About the Landscape Architecture Program
Landscape architects with a strong grounding in natural processes who consider the human dimension can design transformative landscapes to impact daily lives.
Our nationally accredited curriculum prepares students for Landscape Architecture licensure. Positioned within the School of Environmental and Biological Sciences, we have many avenues to examine the evolution of ideas shaping the interaction of people and place and to integrate scientific knowledge creatively in the designed landscape. Interdisciplinary first semester courses with environmental planning students provide a mutual foundation for both majors and promote collaboration between disciplines. Our Praxis Studios provide design inquiry choices: students select from ecological, open space, and community design options.
As a profession, we advocate for design that crosses scales and sees human and ecological systems as interconnected. This positions landscape architects as design leaders of interdisciplinary teams of planners, engineers, ecologists and social scientists who will explore solutions to the formidable problems of our time--climate change, demographic shifts, increasing income inequality, food scarcity, and the spread of global pandemics—and make our world more sustainable, viable, just, healthy, inclusive, and beautiful. A minor in Landscape Design, without accreditation, is also available.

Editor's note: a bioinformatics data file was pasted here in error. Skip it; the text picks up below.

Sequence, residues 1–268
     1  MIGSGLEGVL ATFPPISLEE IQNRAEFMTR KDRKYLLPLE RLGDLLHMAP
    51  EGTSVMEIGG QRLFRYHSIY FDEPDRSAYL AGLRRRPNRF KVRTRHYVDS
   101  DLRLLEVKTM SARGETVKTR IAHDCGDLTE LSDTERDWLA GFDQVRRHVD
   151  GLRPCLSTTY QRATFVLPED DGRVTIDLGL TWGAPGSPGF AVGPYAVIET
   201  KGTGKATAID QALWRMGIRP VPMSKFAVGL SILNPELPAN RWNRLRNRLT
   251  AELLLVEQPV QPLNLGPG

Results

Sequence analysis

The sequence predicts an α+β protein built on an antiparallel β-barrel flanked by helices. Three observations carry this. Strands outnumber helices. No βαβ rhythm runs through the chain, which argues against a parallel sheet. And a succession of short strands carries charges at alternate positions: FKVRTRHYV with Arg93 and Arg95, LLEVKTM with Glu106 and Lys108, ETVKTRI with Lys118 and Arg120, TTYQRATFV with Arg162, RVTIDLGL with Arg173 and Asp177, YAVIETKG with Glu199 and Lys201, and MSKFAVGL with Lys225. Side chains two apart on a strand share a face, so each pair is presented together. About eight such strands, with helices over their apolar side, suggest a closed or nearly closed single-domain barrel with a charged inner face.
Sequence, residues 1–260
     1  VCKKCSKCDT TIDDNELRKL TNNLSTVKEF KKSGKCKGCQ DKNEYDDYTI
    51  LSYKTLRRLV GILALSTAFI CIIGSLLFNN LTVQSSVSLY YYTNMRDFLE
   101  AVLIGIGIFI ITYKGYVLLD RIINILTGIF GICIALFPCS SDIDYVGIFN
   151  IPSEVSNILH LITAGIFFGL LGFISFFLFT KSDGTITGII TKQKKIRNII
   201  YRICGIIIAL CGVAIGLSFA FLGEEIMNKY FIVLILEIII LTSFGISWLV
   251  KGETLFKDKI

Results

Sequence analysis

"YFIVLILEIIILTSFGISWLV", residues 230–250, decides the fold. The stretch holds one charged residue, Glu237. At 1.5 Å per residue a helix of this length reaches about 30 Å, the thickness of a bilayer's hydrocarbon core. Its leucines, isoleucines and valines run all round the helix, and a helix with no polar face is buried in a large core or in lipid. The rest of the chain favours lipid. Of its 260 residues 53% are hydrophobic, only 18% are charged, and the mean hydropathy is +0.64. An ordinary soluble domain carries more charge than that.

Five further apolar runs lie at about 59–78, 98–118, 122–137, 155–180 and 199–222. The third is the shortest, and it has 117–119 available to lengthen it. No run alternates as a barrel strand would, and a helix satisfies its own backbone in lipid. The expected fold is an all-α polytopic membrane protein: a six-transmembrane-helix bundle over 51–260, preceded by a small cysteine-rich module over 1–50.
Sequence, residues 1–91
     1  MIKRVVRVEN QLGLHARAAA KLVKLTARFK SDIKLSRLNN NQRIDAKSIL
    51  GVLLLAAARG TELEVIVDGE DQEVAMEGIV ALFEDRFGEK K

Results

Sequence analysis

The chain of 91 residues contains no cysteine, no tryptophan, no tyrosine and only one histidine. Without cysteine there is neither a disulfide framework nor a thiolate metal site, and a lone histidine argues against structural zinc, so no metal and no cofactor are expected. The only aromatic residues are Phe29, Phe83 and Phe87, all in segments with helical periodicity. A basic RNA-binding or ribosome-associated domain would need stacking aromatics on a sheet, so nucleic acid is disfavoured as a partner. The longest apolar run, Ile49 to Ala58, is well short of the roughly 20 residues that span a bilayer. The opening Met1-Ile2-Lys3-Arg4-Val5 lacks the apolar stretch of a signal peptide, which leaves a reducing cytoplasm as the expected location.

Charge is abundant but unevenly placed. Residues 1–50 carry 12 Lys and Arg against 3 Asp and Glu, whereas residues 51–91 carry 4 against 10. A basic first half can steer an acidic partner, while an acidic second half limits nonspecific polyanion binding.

Our Program's Learning Goals
. . . the potential of space and spatial relationships to create socially vibrant and culturally inclusive design solutions.
Analyze . . . and thoughtfully incorporate natural features and systems to create enduring and ecologically sensitive design solutions.
Understand . . . social, cultural, and behavioral factors in the historical development of designed and everyday landscapes to equitably shape our public realm.
Master . . . technical and industry standards to effectively and sustainability foster safe accessible environments using the materials, methods, and technologies of site design and engineering.
Apply . . . design principles at large as well as small scales.
Demonstrate . . . knowledge of the professional practice skills required for the Landscape Architecture Accreditation licensure exam and manifest sensitivity to issues of power.
Communicate . . . creatively with the public, communities, and policymakers in graphic, written, and verbal formats to advance social justice
A video about one of our students working on urban community connections in Philadelphia's John Heinz Wildlife Refuge. (5 mins.)
John Heinz Wildlife Refuge-Urban Initiative by Will Atwater.